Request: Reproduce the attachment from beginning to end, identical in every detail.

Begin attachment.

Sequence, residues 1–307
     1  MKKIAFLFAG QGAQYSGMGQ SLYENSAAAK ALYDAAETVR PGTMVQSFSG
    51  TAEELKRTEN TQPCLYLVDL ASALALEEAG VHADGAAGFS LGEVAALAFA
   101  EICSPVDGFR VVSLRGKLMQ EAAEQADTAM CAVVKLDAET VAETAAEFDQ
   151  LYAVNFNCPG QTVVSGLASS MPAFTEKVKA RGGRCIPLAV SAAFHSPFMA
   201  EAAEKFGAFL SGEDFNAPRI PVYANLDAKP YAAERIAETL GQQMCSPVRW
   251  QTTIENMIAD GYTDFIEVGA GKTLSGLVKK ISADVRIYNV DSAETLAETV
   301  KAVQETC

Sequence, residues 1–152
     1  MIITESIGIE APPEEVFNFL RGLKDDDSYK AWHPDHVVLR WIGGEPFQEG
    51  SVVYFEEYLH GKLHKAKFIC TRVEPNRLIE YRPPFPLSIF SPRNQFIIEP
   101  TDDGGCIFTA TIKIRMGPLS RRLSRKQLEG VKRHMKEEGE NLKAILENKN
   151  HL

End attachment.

Sequence, residues 1–307
     1  MKKIAFLFAG QGAQYSGMGQ SLYENSAAAK ALYDAAETVR PGTMVQSFSG
    51  TAEELKRTEN TQPCLYLVDL ASALALEEAG VHADGAAGFS LGEVAALAFA
   101  EICSPVDGFR VVSLRGKLMQ EAAEQADTAM CAVVKLDAET VAETAAEFDQ
   151  LYAVNFNCPG QTVVSGLASS MPAFTEKVKA RGGRCIPLAV SAAFHSPFMA
   201  EAAEKFGAFL SGEDFNAPRI PVYANLDAKP YAAERIAETL GQQMCSPVRW
   251  QTTIENMIAD GYTDFIEVGA GKTLSGLVKK ISADVRIYNV DSAETLAETV
   301  KAVQETC

Sequence, residues 1–152
     1  MIITESIGIE APPEEVFNFL RGLKDDDSYK AWHPDHVVLR WIGGEPFQEG
    51  SVVYFEEYLH GKLHKAKFIC TRVEPNRLIE YRPPFPLSIF SPRNQFIIEP
   101  TDDGGCIFTA TIKIRMGPLS RRLSRKQLEG VKRHMKEEGE NLKAILENKN
   151  HL